These are all things that we see with aging and with dementia too, so refining these sensory processes, which is not that difficult to do – learning a new musical instrument, learning a new language, it could be more abstract cognitive training tasks that involve pitch discrimination or rhythm discrimination – these things seem to have more impact on brain processing. I would think that the impact would be greater there than say, doing crossword puzzles, which is probably not very effective based on a number of studies.
Being Patient: Transcranial magnetic stimulation. That’s an area that more researchers are looking into and really what it is, is using a magnet to help change the plasticity of your brain, is that correct to say that?
Dr. de Villers-Sidani: Well, we don’t really know exactly what it does, but yes, it’s sending magnetic pulses to the brain to change its ability to rewire itself.
Being Patient: And what do we know about that today? How much has research progressed and where is research headed?
Dr. de Villers-Sidani: Well, TMS let’s call it, transcranial magnetic stimulation, has been used for a number of different clinical populations. A lot of it has been used so far to understand brain function purely, not really for therapeutic purposes. Now it’s relatively new that we’re using it for therapeutic purposes. We don’t really know how to use it, really to help individuals. There’s a lot of good leads though for depression, for ADHD, even for dementia. There’s a lot of research now being conducted to try to see if we can use that strategy, which is non-invasive. It’s relatively cheap to apply to help these individuals, and I don’t think a lot of convincing results are out, but it might be something that could be useful.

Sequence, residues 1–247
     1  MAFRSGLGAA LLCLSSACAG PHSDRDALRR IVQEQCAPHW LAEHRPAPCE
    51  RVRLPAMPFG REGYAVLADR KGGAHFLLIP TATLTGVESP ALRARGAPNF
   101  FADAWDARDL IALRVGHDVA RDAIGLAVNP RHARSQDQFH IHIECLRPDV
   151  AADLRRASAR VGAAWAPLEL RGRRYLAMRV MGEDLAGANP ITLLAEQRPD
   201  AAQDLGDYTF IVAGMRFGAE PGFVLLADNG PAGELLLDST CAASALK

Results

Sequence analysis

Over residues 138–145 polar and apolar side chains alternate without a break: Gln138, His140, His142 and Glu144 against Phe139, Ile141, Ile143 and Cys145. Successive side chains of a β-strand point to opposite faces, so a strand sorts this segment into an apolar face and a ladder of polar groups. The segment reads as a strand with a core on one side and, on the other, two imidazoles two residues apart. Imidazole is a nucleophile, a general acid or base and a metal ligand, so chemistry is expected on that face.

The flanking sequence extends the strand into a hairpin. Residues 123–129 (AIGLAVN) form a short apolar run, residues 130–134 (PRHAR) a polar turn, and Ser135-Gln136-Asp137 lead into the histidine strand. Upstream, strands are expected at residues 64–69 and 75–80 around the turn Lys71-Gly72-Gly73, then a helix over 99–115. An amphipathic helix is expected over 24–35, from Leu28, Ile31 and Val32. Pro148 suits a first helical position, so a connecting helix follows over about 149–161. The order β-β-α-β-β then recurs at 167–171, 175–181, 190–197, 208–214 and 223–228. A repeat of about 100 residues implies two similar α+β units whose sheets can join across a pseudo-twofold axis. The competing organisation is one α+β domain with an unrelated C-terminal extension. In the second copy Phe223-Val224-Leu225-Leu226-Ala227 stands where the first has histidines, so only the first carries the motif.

Being Patient: On the spectrum of everything that’s being done for cognitive training, where do you think we are? Have we learned a lot in recent years about really how we can help the brain and memory process?
Dr. de Villers-Sidani: What we’ve learned, really, is that many training strategies are not very effective and that we need to be a little bit more careful about doing proper studies to know exactly what works and what doesn’t work.
Being Patient: When you’ve done studies about neuroplasticity and changing the passageways inside the brain, how much can we tell from the scan?
Dr. de Villers-Sidani: Well, we can tell a lot. Again, what we can see is that the brain gets activated in different ways depending on who you are and what your prior experiences are and also if you have a disease or not. For example, someone who is older or has dementia will tend to activate much more of their brain for the same task. Essentially to perform a task, you need to activate more of your brain so there’s a cost to that task so other networks are trying to compensate for the difficulties that you have.
When you train, what you see is that these networks become smaller and smaller. The brain becomes more specialized and more efficient at dealing with and processing this information. So it means that you can more easily be focused on a task, even if there’s noise around you or you have multiple things to do at the same time. So really it’s building a reserve. That’s what we see, that the brain becomes more efficient at processing information and that makes the processing of information more robust, more resistant to interference.
The way I see this is that cognitive training will not treat dementia or Alzheimer’s disease but what it can do, though, is to build a reserve so that you can better compensate for the effect of the disease.
Being Patient: Great, thanks very much.